Now is talk of a much needed fire station on the south side, preferably by the Annie Glidden/Taylor area and the library board would love to request a $ 20 million bonding for a new library to be built at the old A&P site. We haven’t even approved the design and made the recommendation to the school board about the new high school we are already in full gear and discussion of Part 2 of the referendums. This second request will be to bring the current schools up to the standards of the new Cortland school in essence. I will tell you, the Cortland school is nice and I’m sure we do not want to approve the second referendum for the amount they are going to need to update everything in the next 3 years.

    Throw in the new contracts to Fire and City employees, police is not too far away but in light of what we’ve seen with the 2 other contract agreements we can guess what is going to happen with the police contract. I’ve been thinking about this early retirement now that the city is giving out and it scares me. Public works alone will have at least 15 to 16 employees eligible for this new retirement plan. If fire and police end up with the same deal, I believe Assistant Manager Rudy Espiritu summed it up by saying that we are again heading for a shortfall.

    I have a big question: HOW ARE WE GOING TO PAY FOR ALL OF THIS?

  3. Answer to Ivan: We can’t possibly. There will be too few of us.

    According to this site, the current number of properties on the market in DeKalb County that are due to foreclosures, preforeclosures, tax liens and bankruptcies totals 900.

    I picked out the numbers for the City of Dekalb, around 260, about the same as what they show at Realty Trac, which we’ve used before.

    If this keeps up for long, the Shodeen apartments will be filled with former homeowners–assuming they don’t leave town altogether.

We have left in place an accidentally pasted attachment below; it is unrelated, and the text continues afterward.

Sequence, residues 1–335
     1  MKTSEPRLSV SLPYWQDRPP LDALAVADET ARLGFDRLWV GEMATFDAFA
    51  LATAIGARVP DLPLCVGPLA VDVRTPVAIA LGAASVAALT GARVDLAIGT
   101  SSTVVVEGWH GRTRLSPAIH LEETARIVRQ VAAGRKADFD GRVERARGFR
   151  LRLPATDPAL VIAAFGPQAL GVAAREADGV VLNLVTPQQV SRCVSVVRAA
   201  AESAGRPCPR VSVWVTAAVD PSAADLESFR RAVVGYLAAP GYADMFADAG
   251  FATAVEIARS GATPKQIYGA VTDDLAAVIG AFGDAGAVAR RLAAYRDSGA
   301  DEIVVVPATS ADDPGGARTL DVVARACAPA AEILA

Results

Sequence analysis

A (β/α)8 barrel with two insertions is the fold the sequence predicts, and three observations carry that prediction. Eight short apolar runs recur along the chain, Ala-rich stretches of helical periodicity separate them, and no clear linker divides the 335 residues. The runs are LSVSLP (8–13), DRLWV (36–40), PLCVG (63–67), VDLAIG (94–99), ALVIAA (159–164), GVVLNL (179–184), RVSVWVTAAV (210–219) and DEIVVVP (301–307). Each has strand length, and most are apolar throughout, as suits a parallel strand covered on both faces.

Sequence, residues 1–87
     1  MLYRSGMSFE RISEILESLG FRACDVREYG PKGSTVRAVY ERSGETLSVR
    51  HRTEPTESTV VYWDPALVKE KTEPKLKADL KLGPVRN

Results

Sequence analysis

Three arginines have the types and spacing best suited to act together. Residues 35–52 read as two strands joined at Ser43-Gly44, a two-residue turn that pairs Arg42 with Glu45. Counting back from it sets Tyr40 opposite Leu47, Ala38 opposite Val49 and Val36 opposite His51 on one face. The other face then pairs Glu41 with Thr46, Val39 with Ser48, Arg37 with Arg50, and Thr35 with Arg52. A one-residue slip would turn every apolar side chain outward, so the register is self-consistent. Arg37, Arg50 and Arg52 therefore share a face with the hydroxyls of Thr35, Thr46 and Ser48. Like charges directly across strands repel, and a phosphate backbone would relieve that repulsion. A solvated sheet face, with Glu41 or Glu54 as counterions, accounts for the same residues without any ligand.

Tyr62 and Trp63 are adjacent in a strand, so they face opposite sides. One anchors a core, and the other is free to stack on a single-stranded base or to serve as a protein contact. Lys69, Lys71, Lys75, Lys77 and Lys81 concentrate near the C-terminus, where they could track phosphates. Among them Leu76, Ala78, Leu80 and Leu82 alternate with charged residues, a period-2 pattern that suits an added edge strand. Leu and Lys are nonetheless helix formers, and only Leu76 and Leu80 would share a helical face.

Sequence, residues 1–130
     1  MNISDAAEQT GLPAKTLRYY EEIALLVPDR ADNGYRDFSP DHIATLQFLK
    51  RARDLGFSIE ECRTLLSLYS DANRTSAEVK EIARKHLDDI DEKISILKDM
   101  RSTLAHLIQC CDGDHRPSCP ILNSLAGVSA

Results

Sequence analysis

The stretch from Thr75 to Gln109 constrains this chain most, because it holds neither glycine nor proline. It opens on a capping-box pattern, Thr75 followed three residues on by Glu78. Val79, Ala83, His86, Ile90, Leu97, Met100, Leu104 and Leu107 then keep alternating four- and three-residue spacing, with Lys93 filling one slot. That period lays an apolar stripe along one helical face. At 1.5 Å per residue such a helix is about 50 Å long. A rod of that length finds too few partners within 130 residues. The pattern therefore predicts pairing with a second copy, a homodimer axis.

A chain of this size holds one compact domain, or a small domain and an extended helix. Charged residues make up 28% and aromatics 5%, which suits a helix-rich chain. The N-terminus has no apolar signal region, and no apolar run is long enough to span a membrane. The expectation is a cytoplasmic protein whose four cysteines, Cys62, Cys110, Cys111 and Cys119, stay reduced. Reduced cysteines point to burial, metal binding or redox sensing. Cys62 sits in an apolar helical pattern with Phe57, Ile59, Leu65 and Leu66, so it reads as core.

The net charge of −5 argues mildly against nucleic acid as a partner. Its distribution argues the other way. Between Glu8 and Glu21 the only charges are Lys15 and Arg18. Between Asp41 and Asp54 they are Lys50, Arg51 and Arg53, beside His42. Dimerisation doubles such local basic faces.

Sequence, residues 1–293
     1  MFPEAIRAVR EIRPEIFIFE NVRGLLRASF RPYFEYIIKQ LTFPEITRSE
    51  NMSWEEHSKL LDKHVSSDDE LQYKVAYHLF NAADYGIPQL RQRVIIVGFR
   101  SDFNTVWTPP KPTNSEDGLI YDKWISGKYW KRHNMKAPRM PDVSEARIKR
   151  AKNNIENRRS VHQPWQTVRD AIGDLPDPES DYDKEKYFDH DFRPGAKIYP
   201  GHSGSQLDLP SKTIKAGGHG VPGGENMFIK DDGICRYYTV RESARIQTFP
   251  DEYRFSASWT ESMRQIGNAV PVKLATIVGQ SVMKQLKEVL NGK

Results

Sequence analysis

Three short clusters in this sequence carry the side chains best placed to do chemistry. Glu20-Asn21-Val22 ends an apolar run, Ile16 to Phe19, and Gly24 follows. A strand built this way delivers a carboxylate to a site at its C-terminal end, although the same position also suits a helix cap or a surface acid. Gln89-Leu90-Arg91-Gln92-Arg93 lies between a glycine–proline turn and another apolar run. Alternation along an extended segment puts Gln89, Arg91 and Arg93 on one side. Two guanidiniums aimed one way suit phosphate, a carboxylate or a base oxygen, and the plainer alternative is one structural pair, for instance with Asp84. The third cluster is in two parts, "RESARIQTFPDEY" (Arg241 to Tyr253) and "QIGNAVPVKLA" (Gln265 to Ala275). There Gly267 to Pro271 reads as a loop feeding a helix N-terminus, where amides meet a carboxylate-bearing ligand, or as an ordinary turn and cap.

4. Ummm… Re: ShoDeen… Anyone who wants to invest millions of bucks into my community is my friend unless and until proven otherwise. (I’ve never met or talked to anyone connected w/ShoDeen and his website is already done and so I can’t make any money off of him). Anyone willing to invest millions of dollars deserves a fair but handsome return on that investment.

    I will be a hardliner on the impact fee issue with ShoDeen because I think he’s crazy to pay them, especially those I still believe are illegal, but if the story is he is willing to pay all of them then I will work to make sure that is a true story or if not the public knows it.

    My concerns are that the local guys, like Ivan (who is a website client of mine), would not receive the same treatment. The higher density doesn’t bother me, if done right, and if that is now city policy. I’m glad for the brick requirement reduction as the recent code revisions were cost prohibitive and did not return equitable value to the end user. That reduction should be granted to all. In fact, a potential very much upside to the ShoDeen developments is the opportunity to correct error.